Attachment 3: Annotated Bibliography of Information Potentially Pertaining to Management of Rare Fungi on the Special Status Species list for California, Oregon, and Washington

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Attachment 3:

Annotated Bibliography of Information Potentially Pertaining to Management of Rare Fungi on the Special Status Species list for California, Oregon, and Washington.
October 2013 Update

Appended by: Katie Grenier

Originally created by Katie Grenier and Jenifer Ferriel
Note: This annotated bibliography builds on work previously done in 200, 2008 and 2010, adding references 147-174. It consists of points extracted verbatim from referenced articles (words added for clarity are in brackets). Bulleted items are neither interpreted nor paraphrased. Readers may draw their own conclusions as to importance or relevance. The bibliography is not exhaustive, though it does provide leads to additional information referenced in these articles. This document is not in alphabetical order which makes it easier to add new references without having to change numbers in the corresponding Effects Table. Refer to separate document (Attachment 5) that lists the references in alphabetical order.
You can order references through the National Agriculture Library’s Digitop (See separate document “To Order Articles from National Agriculture Library):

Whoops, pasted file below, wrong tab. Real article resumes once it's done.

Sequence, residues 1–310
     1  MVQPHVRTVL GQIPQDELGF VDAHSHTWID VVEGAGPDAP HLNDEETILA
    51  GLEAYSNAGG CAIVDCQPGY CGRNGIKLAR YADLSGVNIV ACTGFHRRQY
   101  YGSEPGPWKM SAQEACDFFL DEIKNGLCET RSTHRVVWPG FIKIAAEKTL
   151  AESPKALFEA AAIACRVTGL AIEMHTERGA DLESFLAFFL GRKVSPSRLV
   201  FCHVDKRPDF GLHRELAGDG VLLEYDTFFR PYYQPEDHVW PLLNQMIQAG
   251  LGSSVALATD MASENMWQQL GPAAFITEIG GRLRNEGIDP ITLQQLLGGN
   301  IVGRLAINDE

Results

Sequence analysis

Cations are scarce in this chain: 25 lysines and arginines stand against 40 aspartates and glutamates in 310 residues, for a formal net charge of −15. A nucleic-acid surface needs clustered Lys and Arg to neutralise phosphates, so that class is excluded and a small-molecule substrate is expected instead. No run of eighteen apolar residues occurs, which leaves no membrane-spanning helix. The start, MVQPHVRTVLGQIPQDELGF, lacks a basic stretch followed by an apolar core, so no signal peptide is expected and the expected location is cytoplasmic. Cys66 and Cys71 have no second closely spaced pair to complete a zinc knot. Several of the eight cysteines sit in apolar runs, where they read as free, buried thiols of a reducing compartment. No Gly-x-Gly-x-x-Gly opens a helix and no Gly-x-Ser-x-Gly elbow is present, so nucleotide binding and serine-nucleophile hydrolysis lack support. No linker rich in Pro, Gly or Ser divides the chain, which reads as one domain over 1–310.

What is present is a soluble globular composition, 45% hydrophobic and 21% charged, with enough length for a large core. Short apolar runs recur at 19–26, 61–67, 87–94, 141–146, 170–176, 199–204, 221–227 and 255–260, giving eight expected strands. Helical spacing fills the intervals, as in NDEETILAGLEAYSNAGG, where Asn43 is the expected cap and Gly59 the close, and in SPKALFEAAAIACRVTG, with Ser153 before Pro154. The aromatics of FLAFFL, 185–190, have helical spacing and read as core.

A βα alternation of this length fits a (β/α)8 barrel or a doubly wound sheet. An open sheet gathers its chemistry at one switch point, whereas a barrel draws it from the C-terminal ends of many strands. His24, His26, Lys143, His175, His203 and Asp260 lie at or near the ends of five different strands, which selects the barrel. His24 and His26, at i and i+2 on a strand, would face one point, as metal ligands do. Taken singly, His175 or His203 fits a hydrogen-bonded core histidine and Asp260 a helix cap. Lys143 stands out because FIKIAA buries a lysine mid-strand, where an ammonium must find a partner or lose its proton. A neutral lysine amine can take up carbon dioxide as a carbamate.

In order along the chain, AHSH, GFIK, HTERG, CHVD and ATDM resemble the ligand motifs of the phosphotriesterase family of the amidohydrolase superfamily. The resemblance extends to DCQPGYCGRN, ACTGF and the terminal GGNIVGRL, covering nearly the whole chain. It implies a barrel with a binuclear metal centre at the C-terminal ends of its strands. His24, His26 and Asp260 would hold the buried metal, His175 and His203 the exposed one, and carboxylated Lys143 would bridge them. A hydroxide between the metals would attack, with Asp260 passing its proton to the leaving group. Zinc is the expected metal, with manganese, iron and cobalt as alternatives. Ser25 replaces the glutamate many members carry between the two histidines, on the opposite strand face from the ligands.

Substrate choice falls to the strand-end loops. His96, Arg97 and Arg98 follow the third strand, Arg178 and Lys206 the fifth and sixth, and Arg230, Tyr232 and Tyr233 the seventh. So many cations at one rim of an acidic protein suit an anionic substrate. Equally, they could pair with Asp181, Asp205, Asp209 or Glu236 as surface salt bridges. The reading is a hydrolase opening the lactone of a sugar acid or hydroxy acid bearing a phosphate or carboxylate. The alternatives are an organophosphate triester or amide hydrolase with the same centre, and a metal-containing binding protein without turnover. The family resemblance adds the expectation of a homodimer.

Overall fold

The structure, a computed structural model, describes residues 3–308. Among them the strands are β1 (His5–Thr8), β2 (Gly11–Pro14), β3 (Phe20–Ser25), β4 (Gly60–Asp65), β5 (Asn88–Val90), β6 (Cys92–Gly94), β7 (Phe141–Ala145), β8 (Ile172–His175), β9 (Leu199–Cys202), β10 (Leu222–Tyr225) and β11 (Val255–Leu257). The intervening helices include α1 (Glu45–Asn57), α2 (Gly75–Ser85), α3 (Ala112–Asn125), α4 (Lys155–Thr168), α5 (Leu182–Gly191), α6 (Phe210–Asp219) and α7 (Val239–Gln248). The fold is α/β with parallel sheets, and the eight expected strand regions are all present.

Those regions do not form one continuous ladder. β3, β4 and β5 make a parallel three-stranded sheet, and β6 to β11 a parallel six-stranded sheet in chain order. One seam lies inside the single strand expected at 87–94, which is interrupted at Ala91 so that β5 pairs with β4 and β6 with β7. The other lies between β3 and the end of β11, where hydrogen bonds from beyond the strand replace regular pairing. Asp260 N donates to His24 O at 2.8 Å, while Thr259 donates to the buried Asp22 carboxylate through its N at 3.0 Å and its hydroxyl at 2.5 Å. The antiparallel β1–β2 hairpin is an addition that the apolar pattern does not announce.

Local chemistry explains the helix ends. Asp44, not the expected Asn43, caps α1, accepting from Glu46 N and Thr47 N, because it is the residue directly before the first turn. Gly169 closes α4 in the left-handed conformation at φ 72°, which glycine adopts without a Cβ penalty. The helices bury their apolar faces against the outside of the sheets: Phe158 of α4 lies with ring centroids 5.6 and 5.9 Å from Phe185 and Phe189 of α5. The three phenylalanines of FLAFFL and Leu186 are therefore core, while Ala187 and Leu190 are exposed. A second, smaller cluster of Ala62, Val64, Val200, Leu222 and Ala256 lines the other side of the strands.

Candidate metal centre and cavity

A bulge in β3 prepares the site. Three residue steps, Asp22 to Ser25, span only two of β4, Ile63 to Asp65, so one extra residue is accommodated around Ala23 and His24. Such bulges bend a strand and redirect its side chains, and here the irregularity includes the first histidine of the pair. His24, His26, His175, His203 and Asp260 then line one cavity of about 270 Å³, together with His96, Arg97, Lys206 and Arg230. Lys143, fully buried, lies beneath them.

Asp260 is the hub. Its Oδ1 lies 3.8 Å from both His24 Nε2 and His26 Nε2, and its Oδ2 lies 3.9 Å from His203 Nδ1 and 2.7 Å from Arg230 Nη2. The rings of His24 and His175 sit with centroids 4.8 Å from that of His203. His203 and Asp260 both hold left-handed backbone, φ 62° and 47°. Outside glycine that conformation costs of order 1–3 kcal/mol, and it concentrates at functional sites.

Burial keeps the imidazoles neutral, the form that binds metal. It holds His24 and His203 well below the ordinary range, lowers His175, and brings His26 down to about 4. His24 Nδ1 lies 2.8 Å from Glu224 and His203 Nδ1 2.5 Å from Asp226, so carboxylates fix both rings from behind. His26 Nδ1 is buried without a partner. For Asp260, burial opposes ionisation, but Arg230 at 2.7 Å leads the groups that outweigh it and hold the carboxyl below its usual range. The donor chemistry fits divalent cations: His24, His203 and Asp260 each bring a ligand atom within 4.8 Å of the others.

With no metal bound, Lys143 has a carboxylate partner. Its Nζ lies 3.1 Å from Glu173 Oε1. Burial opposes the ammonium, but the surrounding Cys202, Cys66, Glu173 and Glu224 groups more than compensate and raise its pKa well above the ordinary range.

1. Amaranthus, M.P., D.Page-Dumroese, A. Harvey, E. Cazares, and L.F. Bednar. 1996. Soil Compaction and Organic Matter Affect Conifer Seedling Nonmycorrhizal and Ectomycorrhizal Root Tip Abundance and Diversity. Research paper, PNW-RP-494. Portland, OR. USDA, Forest Service, Pacific Northwest Research Station.

  • Intensive forest harvest and soil compaction are widespread across inland forests of the Pacific Northwestern states; both have potential to affect forest soil productivity through changing organic matter levels and soil bulk density.

  • This study evaluates these effects on non-mycorrhizal and ectomycorrhizal root tip abundance and diversity on first-year out-planted conifer seedlings.

  1. Seedling height growth declines as soil bulk density increases.

  2. In volcanic ash soils, effects of soil compaction can last up to 45 years.